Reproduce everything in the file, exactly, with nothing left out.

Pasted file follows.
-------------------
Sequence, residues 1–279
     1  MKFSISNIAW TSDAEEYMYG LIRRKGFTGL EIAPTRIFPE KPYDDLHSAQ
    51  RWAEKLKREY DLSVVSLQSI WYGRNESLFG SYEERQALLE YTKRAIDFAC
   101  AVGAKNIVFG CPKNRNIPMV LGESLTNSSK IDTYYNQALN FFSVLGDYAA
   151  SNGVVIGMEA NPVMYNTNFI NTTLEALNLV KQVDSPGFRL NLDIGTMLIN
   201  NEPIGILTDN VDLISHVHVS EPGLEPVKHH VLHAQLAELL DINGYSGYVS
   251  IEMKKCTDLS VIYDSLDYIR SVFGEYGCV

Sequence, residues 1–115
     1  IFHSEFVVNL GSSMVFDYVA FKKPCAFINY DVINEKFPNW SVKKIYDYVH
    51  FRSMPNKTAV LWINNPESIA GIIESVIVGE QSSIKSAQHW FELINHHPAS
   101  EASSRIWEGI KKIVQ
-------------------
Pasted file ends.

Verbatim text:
Sequence, residues 1–279
     1  MKFSISNIAW TSDAEEYMYG LIRRKGFTGL EIAPTRIFPE KPYDDLHSAQ
    51  RWAEKLKREY DLSVVSLQSI WYGRNESLFG SYEERQALLE YTKRAIDFAC
   101  AVGAKNIVFG CPKNRNIPMV LGESLTNSSK IDTYYNQALN FFSVLGDYAA
   151  SNGVVIGMEA NPVMYNTNFI NTTLEALNLV KQVDSPGFRL NLDIGTMLIN
   201  NEPIGILTDN VDLISHVHVS EPGLEPVKHH VLHAQLAELL DINGYSGYVS
   251  IEMKKCTDLS VIYDSLDYIR SVFGEYGCV

Sequence, residues 1–115
     1  IFHSEFVVNL GSSMVFDYVA FKKPCAFINY DVINEKFPNW SVKKIYDYVH
    51  FRSMPNKTAV LWINNPESIA GIIESVIVGE QSSIKSAQHW FELINHHPAS
   101  EASSRIWEGI KKIVQ